Price, Howes cautious as Benavides crashes through at Dakar

Toby Price

Toby Price. Picture: Rally Zone

The top three in the Dakar Rally have revealed vastly different approaches after the completion of Stage 10.

Kevin Benavides leapfrogged Skyler Howes and Toby Price to take over top spot in the overall classification by winning a 114km dune special.

The Argentine had started the day more than five minutes behind both Husqvarna’s Howes and Red Bull KTM team-mate Price, but now leads by 1:29s in a top three covered by 2:10s.

His ride between Haradh and Shaybah was something of a case of throwing caution to the wind.

“It was a short day on the special but a really long liaison – almost 500km – but I think I did a good job,” said Benavides, the 2021 Dakar champion.

“I pushed as hard as I can and then I crash. It was not so big – I lose some minute there – but then I tried to continue pushing until the end, so I think it was a good stage.

“It’s all dunes but it’s nice to change the terrain,” he added.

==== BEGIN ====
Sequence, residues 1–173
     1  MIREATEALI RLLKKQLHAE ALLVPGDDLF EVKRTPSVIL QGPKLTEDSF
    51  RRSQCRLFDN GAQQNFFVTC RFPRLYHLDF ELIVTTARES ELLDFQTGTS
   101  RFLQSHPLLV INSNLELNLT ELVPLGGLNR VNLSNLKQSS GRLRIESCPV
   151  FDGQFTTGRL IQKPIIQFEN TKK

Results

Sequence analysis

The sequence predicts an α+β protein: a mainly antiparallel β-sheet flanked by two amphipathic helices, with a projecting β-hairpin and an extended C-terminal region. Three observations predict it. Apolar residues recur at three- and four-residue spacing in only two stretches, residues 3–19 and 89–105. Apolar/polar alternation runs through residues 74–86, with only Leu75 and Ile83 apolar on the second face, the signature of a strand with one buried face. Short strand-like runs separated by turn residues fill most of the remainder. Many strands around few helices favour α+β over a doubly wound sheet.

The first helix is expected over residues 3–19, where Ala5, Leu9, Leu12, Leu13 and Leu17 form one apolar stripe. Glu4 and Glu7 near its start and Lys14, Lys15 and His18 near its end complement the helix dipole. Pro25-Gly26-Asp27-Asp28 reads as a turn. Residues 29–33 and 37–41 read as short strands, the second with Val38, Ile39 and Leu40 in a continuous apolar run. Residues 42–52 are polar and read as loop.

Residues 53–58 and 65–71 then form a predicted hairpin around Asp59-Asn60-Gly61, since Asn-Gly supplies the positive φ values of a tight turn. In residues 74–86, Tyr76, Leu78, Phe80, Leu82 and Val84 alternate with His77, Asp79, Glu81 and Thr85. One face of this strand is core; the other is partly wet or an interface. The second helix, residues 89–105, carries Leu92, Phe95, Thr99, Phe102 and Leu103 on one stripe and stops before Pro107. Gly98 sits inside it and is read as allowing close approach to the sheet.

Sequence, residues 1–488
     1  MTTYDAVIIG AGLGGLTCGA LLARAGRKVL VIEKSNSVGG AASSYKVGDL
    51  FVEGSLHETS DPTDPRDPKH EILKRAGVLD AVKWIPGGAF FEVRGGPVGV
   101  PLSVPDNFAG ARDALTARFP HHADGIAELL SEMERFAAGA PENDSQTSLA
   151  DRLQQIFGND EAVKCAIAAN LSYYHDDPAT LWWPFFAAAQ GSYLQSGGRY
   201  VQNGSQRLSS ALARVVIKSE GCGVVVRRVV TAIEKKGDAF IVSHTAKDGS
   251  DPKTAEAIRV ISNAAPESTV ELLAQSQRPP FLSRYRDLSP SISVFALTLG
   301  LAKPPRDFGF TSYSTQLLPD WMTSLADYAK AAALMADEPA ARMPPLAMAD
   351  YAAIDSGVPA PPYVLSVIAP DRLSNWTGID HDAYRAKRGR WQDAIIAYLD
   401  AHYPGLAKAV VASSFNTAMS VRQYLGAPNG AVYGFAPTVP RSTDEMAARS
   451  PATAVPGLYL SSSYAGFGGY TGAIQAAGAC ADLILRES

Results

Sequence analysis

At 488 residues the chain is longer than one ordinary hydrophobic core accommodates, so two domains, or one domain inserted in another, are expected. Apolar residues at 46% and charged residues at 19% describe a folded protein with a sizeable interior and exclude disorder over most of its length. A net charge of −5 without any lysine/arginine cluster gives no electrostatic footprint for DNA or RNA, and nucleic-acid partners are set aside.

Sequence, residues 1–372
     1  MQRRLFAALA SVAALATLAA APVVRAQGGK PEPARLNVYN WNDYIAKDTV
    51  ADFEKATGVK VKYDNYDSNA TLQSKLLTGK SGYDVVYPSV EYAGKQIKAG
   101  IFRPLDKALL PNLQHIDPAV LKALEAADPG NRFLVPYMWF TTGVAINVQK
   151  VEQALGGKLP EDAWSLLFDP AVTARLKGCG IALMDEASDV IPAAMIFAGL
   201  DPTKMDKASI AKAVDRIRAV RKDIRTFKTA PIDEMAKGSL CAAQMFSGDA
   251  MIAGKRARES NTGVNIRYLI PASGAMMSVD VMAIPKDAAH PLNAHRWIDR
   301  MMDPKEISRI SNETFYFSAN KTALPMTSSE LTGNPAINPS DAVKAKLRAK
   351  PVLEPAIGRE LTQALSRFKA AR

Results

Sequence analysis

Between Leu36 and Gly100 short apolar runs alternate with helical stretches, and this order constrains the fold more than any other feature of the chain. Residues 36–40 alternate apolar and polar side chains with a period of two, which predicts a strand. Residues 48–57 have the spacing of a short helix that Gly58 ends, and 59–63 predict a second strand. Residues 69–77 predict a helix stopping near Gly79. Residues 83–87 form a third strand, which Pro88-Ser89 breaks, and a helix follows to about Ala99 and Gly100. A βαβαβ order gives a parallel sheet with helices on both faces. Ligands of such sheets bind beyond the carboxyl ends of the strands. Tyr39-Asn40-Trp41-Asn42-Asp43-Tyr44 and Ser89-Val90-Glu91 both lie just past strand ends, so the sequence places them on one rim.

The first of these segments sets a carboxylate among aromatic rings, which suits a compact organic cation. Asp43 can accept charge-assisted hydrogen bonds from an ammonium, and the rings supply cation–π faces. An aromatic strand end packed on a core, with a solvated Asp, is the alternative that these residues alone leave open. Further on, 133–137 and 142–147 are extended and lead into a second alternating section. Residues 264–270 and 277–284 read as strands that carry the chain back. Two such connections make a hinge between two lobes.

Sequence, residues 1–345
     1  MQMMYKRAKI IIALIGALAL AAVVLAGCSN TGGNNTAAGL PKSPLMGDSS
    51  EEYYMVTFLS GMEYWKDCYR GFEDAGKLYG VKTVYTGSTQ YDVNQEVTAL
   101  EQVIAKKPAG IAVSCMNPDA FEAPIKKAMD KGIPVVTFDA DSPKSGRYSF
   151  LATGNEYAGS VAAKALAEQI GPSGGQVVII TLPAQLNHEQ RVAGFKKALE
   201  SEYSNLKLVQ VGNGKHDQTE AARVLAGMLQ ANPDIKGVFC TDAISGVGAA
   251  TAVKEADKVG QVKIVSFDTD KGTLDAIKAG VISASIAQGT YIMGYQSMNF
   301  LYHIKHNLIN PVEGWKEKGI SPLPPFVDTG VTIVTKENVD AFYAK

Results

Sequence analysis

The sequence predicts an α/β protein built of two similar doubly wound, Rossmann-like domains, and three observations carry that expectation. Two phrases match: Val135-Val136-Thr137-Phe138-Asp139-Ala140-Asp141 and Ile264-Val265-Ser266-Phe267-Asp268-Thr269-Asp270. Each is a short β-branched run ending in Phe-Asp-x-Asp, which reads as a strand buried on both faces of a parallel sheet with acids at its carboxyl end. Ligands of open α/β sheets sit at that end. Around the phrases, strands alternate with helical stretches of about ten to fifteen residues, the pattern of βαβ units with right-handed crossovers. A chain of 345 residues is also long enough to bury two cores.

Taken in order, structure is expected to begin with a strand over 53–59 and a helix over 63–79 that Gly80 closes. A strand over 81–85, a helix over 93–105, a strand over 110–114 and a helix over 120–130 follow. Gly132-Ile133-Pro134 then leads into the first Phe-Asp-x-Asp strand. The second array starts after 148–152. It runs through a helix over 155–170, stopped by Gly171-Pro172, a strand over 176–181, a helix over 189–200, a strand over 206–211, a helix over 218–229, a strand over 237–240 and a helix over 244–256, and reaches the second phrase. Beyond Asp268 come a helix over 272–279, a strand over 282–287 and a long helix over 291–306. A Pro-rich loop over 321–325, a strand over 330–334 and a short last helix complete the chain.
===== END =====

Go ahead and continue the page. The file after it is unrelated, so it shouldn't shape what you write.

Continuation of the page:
“On the dunes, it’s more easy, the navigation, because you only need to follow the cap.”

Price’s performance so far has been reminiscent of the ride to his second and most recent Dakar crown in 2019, when he only took the overall lead with two stages to go and won only the final stage.

The Australian felt little need to lead now.

“It was a short stage today – 114km – but we just played it safe today,” he said after dismounting his KTM.

“There was a lot of broken dunes and everything, and it was really soft.

“All in all, I think so far the position was pretty good after Luciano [Benavides] opened the way and did a really good job.

Howes had a similar take, even if he experienced a spill during the morning.

“At the beginning, we could realise there’s going to be a lot of drops out there and scary downhills and things like that,” explained the American, who is now second overall.

“So, more or less, just took it real slow and easy and just want to make it through this stage today and get ready for the Marathon stage.

“On short stages like this, you can definitely lose it, but trying to win it on a short stage is not really necessary.

“I did have one crash – I’m sure you’ll see; [it was] super-funny – but anyways, trying to have fun out there.”

As Howes noted, the next two stages in The Empty Quarter take place under Marathon conditions, meaning no external assistance for riders until the completion of Stage 12.

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